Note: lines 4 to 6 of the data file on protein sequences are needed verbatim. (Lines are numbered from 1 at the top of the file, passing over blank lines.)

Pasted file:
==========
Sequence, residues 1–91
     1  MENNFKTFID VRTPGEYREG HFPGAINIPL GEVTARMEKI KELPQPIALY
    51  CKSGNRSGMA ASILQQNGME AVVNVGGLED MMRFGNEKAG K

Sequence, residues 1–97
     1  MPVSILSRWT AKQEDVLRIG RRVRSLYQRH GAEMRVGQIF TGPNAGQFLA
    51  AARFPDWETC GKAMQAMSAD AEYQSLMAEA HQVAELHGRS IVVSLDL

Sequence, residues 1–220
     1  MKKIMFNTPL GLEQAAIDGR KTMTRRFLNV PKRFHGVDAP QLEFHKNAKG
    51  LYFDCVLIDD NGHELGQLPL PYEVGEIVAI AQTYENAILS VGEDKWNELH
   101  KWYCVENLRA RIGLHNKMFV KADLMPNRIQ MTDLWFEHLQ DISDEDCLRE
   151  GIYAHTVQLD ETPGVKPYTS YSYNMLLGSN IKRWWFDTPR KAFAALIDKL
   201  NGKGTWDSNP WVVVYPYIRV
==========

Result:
Sequence, residues 1–97
     1  MPVSILSRWT AKQEDVLRIG RRVRSLYQRH GAEMRVGQIF TGPNAGQFLA
    51  AARFPDWETC GKAMQAMSAD AEYQSLMAEA HQVAELHGRS IVVSLDL